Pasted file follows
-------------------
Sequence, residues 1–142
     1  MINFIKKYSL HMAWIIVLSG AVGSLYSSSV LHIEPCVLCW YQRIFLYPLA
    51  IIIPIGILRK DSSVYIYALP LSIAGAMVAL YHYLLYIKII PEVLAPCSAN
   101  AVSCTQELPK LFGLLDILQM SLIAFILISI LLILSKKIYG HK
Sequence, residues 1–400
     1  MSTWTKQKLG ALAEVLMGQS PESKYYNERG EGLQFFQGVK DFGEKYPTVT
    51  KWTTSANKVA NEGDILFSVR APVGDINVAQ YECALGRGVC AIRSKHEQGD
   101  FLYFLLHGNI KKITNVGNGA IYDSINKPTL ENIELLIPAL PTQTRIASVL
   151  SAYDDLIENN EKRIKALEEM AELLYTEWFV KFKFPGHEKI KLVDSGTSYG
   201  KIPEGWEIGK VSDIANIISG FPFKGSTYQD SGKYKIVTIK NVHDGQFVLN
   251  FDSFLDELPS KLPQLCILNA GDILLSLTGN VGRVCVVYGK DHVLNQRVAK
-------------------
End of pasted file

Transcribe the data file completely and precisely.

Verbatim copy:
Sequence, residues 1–142
     1  MINFIKKYSL HMAWIIVLSG AVGSLYSSSV LHIEPCVLCW YQRIFLYPLA
    51  IIIPIGILRK DSSVYIYALP LSIAGAMVAL YHYLLYIKII PEVLAPCSAN
   101  AVSCTQELPK LFGLLDILQM SLIAFILISI LLILSKKIYG HK
Sequence, residues 1–400
     1  MSTWTKQKLG ALAEVLMGQS PESKYYNERG EGLQFFQGVK DFGEKYPTVT
    51  KWTTSANKVA NEGDILFSVR APVGDINVAQ YECALGRGVC AIRSKHEQGD
   101  FLYFLLHGNI KKITNVGNGA IYDSINKPTL ENIELLIPAL PTQTRIASVL
   151  SAYDDLIENN EKRIKALEEM AELLYTEWFV KFKFPGHEKI KLVDSGTSYG
   201  KIPEGWEIGK VSDIANIISG FPFKGSTYQD SGKYKIVTIK NVHDGQFVLN
   251  FDSFLDELPS KLPQLCILNA GDILLSLTGN VGRVCVVYGK DHVLNQRVAK